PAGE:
The question of prospective application of a decision is presented when the decision "constitute[s] a sharp break in the line of earlier authority or an avulsive change which caused the current of the law thereafter to flow between new banks." Hanover Shoe, Inc. v. United Shoe Machinery Corp., 392 U.S. 481, 499, 88 S.Ct. 2224, 2234, 20 L.Ed.2d 1231, 1244 (1968). The instant case meets that test. Compare Mr. Justice Brennan's dissent in U.S. v. Peltier, 422 U.S. 531, 544, 95 S.Ct. 2313, 2321, 45 L.Ed.2d 374, 385 (1975).
In order to assist the Trial Judge and counsel in State v. Richardson (Del.Super. #I-75-02-0947-0951), a capital case then in progress involving evidence of extreme emotional distress, we announced on September 29, 1975 that in this opinion we would hold § 641 unconstitutional under Mullaney.
The United States Supreme Court has consistently given the benefit of a criminal procedural prospective decision to the defendant in whose case the principle was announced. See United States v. Peltier, 422 U.S. at 542 n. 12, 95 S.Ct. at 2320 n. 12, 45 L.Ed.2d at 384 n. 12 (1975). And as the Court has recognized, applying a decision only prospectively can entail inequity to others whose cases are up on direct review but are held pending determination of the case selected for decision. Stovall v. Denno, 388 U.S. 293, 301, 87 S.Ct. 1967, 1972, 18 L.Ed.2d 1199, 1206 (1967).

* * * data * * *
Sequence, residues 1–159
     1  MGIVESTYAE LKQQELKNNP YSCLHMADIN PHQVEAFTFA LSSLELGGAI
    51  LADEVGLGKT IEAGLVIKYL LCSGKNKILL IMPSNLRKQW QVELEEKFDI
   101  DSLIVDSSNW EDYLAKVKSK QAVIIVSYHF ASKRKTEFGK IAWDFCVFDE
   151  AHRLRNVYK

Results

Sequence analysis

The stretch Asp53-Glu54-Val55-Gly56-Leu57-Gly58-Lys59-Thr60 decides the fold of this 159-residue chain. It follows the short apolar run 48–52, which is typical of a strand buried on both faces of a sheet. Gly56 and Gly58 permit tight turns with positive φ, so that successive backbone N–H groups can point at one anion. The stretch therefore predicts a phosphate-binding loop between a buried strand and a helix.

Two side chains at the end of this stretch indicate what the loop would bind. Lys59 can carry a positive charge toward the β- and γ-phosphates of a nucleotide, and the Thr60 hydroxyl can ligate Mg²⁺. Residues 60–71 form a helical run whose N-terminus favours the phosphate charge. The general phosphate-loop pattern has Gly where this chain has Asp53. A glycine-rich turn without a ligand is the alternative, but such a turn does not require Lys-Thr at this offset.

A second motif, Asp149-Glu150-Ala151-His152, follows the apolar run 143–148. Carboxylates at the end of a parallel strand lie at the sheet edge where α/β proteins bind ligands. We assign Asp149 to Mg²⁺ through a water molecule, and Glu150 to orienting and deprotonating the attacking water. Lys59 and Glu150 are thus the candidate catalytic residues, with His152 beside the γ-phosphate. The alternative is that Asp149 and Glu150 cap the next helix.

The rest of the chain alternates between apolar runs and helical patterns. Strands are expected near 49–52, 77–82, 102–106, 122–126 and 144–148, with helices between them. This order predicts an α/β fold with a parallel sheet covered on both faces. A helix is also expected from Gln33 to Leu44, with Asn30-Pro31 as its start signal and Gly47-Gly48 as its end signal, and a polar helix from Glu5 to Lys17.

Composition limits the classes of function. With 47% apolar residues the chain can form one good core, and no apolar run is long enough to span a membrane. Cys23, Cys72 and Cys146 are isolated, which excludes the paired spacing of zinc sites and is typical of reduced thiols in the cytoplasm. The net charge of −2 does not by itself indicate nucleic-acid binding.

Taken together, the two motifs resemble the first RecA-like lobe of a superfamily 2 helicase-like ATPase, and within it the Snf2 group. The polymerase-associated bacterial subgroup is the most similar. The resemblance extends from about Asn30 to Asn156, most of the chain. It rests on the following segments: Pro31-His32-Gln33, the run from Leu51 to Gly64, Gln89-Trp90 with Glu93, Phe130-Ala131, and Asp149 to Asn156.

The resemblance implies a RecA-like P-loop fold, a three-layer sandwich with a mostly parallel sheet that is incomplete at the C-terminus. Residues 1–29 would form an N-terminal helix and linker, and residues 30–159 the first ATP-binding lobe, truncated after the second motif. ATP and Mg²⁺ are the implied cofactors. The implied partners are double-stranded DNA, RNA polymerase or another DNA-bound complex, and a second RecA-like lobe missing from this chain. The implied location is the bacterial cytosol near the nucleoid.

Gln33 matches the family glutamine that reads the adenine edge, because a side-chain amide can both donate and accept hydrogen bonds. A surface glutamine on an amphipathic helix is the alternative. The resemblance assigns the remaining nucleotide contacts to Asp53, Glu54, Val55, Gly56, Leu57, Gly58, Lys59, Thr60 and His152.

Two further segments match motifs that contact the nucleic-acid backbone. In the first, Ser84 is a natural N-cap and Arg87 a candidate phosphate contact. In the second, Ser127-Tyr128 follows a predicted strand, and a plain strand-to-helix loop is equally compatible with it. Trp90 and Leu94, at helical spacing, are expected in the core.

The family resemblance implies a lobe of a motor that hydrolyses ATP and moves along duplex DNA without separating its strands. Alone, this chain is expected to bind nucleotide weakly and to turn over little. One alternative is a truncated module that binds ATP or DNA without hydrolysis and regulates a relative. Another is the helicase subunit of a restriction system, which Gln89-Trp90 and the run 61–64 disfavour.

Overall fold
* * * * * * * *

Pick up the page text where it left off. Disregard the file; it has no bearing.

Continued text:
Thus excluding habeas corpus or other post-conviction proceedings and appeals therefrom.
This was the course followed in the application of Mapp v. Ohio, 367 U.S. 643, 81 S.Ct. 1684, 6 L.Ed.2d 1081 (1961). See Linkletter v. Walker, 381 U.S. 618, 85 S.Ct. 1731, 14 L.Ed.2d 601 (1965). In reaching this conclusion, we have considered the purpose of the rule here enunciated, the propriety of past reliance upon § 641 by law enforcement officers, and the effect on the "administration of justice and the integrity of the judicial process" of a retrospective application of the rule of this case. Linkletter v. Walker, 381 U.S. at 637, 85 S.Ct. at 1742, 14 L.Ed.2d at 613.
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Reversed and remanded with direction to strike the judgment of conviction of murder in the second degree and sentence thereon, and to enter a judgment of conviction of manslaughter and sentence thereon.